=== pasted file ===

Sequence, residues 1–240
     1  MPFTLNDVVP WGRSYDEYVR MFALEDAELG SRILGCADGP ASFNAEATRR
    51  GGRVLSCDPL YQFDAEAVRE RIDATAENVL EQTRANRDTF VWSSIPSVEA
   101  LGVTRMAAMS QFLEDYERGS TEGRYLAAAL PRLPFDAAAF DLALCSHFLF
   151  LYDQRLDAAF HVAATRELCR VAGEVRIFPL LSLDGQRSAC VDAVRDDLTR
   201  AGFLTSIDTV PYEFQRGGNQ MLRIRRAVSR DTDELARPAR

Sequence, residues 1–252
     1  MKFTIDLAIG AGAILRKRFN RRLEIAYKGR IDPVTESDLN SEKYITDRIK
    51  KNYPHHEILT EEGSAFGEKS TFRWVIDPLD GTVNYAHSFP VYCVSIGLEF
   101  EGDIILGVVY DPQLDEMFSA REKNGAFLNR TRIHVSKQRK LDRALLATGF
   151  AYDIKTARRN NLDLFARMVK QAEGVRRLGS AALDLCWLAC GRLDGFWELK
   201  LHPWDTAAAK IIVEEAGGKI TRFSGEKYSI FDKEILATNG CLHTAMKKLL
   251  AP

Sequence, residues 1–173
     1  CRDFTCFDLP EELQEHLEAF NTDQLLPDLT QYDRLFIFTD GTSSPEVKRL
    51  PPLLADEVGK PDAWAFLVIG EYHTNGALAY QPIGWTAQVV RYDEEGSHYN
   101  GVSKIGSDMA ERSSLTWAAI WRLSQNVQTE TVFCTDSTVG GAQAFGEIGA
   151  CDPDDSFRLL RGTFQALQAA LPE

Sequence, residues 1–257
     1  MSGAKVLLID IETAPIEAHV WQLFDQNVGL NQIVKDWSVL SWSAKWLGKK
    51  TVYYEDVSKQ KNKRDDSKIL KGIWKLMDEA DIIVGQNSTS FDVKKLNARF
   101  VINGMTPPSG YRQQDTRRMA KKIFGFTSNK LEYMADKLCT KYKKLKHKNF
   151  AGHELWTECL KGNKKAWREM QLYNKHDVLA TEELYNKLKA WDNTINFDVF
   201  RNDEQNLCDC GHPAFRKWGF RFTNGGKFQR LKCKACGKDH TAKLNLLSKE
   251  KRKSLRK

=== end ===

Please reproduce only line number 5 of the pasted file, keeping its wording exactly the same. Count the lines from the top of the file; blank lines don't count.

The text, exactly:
   151  LYDQRLDAAF HVAATRELCR VAGEVRIFPL LSLDGQRSAC VDAVRDDLTR